Compare Cheap Pet Insurance
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Pet insurance can help you pay for vet bills in case your cat is injured in an accident or falls ill, needing treatment. But how much should you expect to pay for cat insurance?
We've gathered dozens of quotes from leading UK pet insurers to learn more about the average cost of insurance for a cat. Many factors affect the premium, from the age, gender and breed of your cat to the type of pet insurance you choose. Use this information to help you understand how much you'll need to pay for cat insurance. For more information on pet insurance costs in general, see our article on the Average Cost of Pet Insurance.
Average Cost of Cat Insurance
We gathered monthly premium quotes for the four different types of pet insurance—Accident Only, Time Limited, Maximum Benefit and Lifetime—for a young, healthy British Shorthair cat. According to our research, the average cost of cat insurance is £18.71 per month, with an average range of £10.60 for the cheaper Accident Only plans up to £29.82 for more comprehensive and pricey Lifetime cover.
You'll notice that female cats cost less to insure than male cats—around 30% less for policies that cover both accidents and illnesses. There is less of a difference for Accident Only plans, when females only cost around 5% less than the males.
|Average Cost of Cat Insurance per Month||Male||Female||% Difference|
It makes sense that premiums rise from Accident Only up to Lifetime plans, as the prices reflect the relative cover you get with the different types of insurance. Accident Only plans are cheapest because they offer the least amount of cover (i.e., accidents due to injuries only). Additionally, Accident Only plans may have 12-month time limit on reimbursements for any injuries for which you claim back vet bills.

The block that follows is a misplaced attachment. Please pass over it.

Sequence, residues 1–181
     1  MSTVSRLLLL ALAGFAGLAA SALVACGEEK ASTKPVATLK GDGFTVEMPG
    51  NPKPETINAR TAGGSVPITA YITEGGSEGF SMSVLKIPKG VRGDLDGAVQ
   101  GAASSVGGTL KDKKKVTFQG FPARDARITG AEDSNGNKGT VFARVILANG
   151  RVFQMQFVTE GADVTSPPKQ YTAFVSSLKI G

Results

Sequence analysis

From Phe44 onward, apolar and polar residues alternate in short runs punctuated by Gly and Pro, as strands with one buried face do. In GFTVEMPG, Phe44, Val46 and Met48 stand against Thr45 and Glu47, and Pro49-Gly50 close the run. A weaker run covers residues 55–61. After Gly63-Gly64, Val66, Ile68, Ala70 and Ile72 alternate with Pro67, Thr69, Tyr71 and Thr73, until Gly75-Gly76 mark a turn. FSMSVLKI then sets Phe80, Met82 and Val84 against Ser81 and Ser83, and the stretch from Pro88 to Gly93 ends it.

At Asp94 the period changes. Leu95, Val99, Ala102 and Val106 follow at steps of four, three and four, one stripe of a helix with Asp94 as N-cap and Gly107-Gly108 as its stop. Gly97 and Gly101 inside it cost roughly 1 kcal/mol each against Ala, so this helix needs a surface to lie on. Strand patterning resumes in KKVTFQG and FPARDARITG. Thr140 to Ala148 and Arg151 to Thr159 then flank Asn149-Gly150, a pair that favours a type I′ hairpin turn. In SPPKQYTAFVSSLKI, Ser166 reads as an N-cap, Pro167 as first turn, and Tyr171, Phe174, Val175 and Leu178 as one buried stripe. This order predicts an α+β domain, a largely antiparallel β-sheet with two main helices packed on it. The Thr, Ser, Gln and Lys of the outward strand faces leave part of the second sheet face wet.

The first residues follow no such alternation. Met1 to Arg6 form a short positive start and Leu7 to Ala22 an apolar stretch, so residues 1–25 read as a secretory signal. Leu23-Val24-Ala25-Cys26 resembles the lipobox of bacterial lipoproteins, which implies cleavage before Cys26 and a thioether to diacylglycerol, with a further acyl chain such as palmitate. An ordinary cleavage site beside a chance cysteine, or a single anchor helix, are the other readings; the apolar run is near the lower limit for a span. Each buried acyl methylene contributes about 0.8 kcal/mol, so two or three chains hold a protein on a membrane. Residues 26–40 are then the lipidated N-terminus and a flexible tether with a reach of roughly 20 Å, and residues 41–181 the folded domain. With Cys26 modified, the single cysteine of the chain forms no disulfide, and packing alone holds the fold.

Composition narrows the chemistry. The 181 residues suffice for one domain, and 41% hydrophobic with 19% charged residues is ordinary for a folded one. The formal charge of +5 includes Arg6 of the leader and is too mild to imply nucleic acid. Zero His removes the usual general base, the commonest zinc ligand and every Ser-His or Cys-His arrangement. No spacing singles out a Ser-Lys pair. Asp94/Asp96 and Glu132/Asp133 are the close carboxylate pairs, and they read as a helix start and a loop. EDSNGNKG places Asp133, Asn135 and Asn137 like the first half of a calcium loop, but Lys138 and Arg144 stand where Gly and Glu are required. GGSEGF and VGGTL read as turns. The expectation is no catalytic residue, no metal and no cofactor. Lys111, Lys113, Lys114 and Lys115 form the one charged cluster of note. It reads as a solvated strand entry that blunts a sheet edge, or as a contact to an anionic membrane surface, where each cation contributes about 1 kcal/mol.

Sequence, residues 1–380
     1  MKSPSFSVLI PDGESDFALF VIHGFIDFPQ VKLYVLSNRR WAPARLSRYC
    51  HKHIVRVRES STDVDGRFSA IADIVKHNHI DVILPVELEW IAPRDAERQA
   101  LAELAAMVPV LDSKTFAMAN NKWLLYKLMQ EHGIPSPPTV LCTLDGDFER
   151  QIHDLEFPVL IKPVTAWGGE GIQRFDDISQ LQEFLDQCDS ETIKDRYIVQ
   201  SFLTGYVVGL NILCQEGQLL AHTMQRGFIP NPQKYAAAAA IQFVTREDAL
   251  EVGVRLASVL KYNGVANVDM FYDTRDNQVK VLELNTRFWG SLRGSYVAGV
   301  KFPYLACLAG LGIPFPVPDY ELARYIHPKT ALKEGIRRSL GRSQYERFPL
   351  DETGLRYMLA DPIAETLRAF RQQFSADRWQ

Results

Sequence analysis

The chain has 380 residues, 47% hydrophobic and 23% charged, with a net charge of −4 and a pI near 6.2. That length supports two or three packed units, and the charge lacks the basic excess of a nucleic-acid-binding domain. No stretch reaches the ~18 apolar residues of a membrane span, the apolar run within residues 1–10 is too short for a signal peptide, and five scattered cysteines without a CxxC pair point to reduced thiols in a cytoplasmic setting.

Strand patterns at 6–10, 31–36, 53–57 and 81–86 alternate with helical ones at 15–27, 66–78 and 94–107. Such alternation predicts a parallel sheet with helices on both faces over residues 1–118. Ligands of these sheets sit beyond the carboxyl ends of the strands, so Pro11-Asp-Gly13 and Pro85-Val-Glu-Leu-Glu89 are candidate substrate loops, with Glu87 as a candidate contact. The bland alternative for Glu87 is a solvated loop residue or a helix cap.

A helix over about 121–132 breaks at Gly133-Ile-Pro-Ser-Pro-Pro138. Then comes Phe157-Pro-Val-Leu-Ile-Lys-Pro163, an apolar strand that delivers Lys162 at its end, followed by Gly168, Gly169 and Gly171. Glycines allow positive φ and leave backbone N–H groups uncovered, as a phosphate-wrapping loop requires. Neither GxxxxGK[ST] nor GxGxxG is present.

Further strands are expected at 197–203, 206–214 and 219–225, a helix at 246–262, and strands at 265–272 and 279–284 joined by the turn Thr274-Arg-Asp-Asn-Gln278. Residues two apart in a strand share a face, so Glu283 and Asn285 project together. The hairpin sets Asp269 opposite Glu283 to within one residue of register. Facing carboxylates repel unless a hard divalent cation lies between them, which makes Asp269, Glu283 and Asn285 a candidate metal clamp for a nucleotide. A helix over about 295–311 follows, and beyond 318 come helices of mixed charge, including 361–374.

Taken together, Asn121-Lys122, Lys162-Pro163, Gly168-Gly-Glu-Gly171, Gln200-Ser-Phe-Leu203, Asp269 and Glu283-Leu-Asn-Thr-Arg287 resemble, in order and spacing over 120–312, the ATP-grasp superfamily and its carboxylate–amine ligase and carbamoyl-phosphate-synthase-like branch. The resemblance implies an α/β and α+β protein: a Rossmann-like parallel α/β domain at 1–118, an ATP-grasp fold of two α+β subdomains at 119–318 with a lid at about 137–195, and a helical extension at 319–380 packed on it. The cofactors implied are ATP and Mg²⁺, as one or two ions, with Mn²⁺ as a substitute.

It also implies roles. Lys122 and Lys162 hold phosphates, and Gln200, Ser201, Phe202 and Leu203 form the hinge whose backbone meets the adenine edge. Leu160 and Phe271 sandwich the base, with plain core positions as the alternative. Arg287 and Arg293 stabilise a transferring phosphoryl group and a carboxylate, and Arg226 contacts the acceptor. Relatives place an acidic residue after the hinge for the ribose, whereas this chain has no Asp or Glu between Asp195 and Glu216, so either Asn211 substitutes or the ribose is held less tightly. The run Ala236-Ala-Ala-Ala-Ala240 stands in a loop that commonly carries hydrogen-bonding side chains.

The other three types of plans will protect for both accidents and illnesses (e.g., tumours, infections, diabetes, etc.), but in varying degrees. For instance, Time Limited plans typically restrict reimbursement to 12 months from the start of a condition; Max Benefit plans offer a bit more cover in that there is no time restriction but instead a maximum £ amount of cover per-condition; Lifetime plans are generally the most comprehensive since, as the name says, they'll keep paying for conditions throughout your pet's life—while there is an annual limit, this amount resets each year and is available to use again for any new or continuing conditions.
On an annual basis, cat insurance can easily cost hundreds of pounds, depending on the type of cover.
|Average Cost of Cat Insurance per Year||Male||Female||% Difference|
How Much is Pet Insurance for Older Cats?
The cost of pet insurance will rise with your pet's age. As cats grow older they—like their owners—are more likely to have serious health issues. The insurance companies know this and offset higher expected claims with larger premiums for that part of your cat's life.
Two ways to reduce the cost of health insurance for older cats are opting for a Time Limited or Max Benefit plan instead of Lifetime or choosing a higher excess and/or paying a variable excess in addition to the fixed excess. Before choosing a higher excess, we urge you to read the Pros and Cons of a Higher Excess on Pet Insurance.
How Much is Cat Insurance by Breed?
Premiums not only change with the gender of cats, they may also vary by breed—but there's less variation according to breed for cat insurance than for dog insurance. We've gathered sample quotes from Agria Pet Insurance for the top 10 most popular cats the UK, according to Pets4Homes.
|Sample Monthly Cost of Cat Insurance by Top Ten Breeds||£6,500 Lifetime Plan|
If you have yet to buy a cat and are just researching the costs of cat ownership you may want to keep in mind how insurance costs vary by breed and especially by gender, particularly if you are very budget conscious. Over one year of cat ownership, the difference in insurance premiums paid for a Lifetime plan can reach £125 or more between a male cat and female cat. Over a theoretical 12-year lifetime, the owner of a male cat could pay £1,250 more in insurance premiums than the owner of a female cat.